Accessibility and Usability Guide
To be accessible and usable, content must be written using correct and consistent grammar and spelling
- Use clear and simple language.
Badly written content is neither accessible nor usable, especially for people with disabilities or learning difficulties. So please check then double-check everything you write. Always check each page after uploading it. If possible, get someone else to check your content. They may spot something you missed.
Spell check your work but do not rely solely on a spell checker. Spell checkers are not aware of the organisational style. For example, a spell checker might split 'website' into the two words 'web site' but your organisation might use the term 'website' as one word. Also, spell checkers do not spot grammatical errors. For example, if 'there' were used instead of 'their', a spell checker would not correct the mistake: "Their are style guidelines online."
Dreamweaver has a spell checker.
Spelling is particularly important in email addresses and hyperlinks where mistakes can stop the email address or hyperlink working. For example, if editor were spelt incorrectly in the email address email@example.com, any email sent to this address would not get through. Or if West Bridgford were spelt with an 'e' in bridge, the following hyperlink would not work http://www.organisation.gov.uk/westbridgeford.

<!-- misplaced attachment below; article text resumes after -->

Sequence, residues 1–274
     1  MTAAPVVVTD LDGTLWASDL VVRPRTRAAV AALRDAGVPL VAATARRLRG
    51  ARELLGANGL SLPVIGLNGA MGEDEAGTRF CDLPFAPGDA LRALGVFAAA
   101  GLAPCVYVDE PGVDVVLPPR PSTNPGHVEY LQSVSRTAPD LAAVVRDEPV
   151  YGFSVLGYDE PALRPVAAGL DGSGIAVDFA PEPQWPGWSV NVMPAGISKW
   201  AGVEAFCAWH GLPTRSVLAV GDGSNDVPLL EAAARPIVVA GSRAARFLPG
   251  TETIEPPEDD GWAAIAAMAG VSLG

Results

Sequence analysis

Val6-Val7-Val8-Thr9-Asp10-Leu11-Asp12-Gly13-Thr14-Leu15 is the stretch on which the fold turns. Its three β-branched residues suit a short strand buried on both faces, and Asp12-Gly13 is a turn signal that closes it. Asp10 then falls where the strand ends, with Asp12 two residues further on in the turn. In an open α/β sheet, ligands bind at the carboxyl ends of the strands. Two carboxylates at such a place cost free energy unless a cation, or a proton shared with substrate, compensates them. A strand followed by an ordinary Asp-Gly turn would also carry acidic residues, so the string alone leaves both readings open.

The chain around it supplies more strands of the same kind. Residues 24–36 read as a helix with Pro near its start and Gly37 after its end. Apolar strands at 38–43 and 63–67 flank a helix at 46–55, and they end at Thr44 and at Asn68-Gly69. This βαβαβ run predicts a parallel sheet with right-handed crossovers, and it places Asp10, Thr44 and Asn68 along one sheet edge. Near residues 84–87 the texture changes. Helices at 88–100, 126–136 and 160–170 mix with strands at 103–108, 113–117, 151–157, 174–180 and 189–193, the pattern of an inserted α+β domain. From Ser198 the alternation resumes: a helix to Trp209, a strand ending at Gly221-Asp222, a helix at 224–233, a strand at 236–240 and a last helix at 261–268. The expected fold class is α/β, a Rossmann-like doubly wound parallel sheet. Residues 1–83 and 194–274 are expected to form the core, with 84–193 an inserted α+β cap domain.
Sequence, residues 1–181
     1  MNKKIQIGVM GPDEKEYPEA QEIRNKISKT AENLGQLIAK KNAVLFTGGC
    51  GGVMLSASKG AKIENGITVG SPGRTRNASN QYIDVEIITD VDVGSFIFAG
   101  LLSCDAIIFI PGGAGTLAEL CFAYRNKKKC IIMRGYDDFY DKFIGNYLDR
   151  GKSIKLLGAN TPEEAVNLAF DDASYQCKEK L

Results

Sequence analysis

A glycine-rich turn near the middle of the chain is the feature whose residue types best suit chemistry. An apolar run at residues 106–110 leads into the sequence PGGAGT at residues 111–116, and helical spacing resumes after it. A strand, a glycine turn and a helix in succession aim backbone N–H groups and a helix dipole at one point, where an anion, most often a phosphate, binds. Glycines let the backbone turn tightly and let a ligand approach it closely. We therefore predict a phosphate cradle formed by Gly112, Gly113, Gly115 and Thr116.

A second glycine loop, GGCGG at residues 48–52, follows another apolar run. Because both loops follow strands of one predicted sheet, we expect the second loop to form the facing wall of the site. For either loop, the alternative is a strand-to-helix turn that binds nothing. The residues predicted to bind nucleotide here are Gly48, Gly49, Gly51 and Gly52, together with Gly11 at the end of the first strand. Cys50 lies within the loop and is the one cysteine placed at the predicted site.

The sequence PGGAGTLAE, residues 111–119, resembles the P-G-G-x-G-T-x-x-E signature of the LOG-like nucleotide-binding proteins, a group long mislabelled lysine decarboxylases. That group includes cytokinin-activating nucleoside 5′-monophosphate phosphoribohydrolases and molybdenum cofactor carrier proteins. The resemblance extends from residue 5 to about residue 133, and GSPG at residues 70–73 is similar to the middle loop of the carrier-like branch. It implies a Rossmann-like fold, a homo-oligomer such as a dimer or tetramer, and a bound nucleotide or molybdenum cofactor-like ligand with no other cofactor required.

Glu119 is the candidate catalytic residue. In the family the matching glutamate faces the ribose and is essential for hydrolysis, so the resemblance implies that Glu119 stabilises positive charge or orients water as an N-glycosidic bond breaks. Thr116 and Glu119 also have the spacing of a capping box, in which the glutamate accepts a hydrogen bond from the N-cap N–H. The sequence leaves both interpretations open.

- Divide large blocks of information into more manageable groups.
- Place distinguishing information at the beginning of headings, paragraphs, lists, etc.
Online content is different to general style. 'Writing for the Web' by Jakob Nielsen explains how to modify your writing style to suit the web:
- The Difference Between Paper and Online Presentation.
- Working With a Designer.
- Writing to be Read.
- Terms to Avoid.
- Editorial Review of Web Pages.
- Web Facts.
- Maintain a consistent style across the entire website.
The entire website must be written in a consistent style. For example, to be usable, lists must have punctuation at the end of each line. However, for an entire website to be usable, all lists must have the same punctuation at the end of each line. So on your website, a period might be placed at the end of every line in a list.
Whenever you use times and dates, please check they conform to your organisational style. For example, 4.00pm on 17 May 2003.